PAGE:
Since finishing the Anthropologie order last fall, I have had a lot of time to think through whether I would ever do an order like that again.  While I was really learning on the fly (ie steep learning curve!!), I very quickly realized that I am an artist and maker of small batches, not a ceramic manufacturer.  I have appreciated the ability of a retailer to promote my work the way Anthropologie did, but understand too well the limitations of my ability to produce a volume of work consistently for a retailer of that magnitude. While I have some misgivings and am frustrated by the lack of North American ceramic based manufacturing options for retailers, I would likely opt to design if this kind of opportunity ever came up again.

I think the article brings up some positives and negatives of retailers at large jumping on the 'craft bandwagon'.  It's not just Anthropologie who is working with artists and makers- there are many other large retailers doing the same.  I too have noticed terms like 'handmade', 'woven', 'knit', and 'hand-painted' being added to manufactured items as a way to add value and somehow increase sales based on the addition of a crafty term.  These are words that were once used by us as makers as a way to distinguish their work as being of more value (and thus more $) then manufactured items, but now everyone seems to be using these terms and it's become confusing to the average consumer.  Clearly hand made is a trend that is becoming more mainstream and we as professional makers aren't quite sure what to do with this kind of "success".  Sometimes I compare it to the rise of Skateboarding- which started out as really small sub-culture and then blew up into mainstream proportions.  A lot of hard-core skaters I know went underground when it all became so mainstream- that or just kept trying to do bigger and better tricks while they rode the wave of popularity.  Not to say that the hand-made movement is exactly the same, or that we have to have the same response, but just that I find it kind of interesting considering a few years ago someone made the comment about my work- that it was a 'bit too handmade looking', and now that's what everyone seems to be looking for.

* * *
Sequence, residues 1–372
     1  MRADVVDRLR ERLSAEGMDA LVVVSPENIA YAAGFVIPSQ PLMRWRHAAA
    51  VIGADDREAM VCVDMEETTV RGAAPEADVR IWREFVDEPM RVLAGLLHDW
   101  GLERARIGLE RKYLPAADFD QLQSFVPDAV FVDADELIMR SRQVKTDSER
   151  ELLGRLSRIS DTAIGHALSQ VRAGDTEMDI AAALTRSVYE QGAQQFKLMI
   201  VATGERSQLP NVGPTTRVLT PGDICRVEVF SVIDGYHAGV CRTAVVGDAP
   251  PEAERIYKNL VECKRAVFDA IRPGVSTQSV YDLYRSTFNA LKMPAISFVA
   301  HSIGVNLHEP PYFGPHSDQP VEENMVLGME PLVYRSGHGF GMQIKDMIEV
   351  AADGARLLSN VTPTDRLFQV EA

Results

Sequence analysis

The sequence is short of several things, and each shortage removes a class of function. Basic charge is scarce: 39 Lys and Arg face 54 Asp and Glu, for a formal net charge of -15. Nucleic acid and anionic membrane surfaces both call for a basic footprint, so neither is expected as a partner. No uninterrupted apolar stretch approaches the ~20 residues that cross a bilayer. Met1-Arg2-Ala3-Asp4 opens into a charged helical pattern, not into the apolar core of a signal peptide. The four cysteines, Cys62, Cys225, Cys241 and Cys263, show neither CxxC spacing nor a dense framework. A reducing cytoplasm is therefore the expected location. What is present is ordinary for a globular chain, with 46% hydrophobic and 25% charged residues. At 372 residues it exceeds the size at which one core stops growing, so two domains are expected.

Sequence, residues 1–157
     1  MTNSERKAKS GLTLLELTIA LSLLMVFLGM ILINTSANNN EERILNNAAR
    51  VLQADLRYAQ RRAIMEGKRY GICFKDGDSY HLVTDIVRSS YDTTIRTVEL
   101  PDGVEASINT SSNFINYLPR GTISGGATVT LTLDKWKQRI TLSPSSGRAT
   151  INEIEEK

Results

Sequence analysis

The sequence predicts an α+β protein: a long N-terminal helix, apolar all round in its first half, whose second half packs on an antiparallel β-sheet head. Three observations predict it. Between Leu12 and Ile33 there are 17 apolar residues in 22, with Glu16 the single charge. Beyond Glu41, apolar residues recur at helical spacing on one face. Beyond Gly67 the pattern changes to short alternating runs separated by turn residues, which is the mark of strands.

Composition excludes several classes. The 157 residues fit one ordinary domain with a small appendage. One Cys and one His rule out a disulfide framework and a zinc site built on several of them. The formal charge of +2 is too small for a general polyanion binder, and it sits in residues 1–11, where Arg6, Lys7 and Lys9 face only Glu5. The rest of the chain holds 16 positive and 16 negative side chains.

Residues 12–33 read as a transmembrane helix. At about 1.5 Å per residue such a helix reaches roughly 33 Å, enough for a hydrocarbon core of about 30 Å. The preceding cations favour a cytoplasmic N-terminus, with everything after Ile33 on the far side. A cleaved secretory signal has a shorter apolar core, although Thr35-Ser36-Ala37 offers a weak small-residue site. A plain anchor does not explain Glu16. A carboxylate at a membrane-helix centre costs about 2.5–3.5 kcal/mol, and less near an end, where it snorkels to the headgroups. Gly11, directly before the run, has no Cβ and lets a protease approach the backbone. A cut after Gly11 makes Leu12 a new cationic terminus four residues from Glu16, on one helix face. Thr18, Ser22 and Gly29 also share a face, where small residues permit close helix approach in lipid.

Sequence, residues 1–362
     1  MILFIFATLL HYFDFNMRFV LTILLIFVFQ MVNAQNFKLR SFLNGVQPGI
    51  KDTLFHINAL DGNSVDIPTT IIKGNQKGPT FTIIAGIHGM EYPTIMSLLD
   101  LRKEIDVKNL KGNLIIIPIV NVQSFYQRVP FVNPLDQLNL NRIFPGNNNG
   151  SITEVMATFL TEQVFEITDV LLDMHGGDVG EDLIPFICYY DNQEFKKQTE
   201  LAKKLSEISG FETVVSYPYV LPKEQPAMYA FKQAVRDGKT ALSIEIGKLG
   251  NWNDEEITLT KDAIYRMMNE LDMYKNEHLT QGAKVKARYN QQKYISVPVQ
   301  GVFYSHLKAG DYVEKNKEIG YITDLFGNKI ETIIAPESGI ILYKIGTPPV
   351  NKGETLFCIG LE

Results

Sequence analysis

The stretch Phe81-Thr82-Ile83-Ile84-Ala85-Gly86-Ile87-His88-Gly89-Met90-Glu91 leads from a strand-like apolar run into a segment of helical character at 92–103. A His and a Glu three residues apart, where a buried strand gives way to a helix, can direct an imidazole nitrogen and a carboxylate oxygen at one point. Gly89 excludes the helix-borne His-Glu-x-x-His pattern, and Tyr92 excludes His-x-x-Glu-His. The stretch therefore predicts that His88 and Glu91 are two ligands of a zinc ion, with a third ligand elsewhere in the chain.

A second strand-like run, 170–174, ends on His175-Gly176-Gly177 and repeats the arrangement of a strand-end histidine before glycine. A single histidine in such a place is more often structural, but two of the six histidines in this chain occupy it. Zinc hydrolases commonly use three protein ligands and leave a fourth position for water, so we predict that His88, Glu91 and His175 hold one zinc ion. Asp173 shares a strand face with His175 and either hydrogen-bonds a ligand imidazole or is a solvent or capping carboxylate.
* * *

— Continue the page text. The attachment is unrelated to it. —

Monday, October 1, 2012

a visit to a Blacksmith studio

Nope, not every day you meet a real, live blacksmith.  But meet one, we did, while we were visiting friends on Vancouver Island this summer.  I know this post comes a whole month later, but needless to say, my boys are still talking about how they want to be a blacksmith after checking out Island Blacksmith's studio and watching Davej Friesner banging out some reclaimed metal.  Boys + metal + fire + knives.  Makes total sense, doesn't it?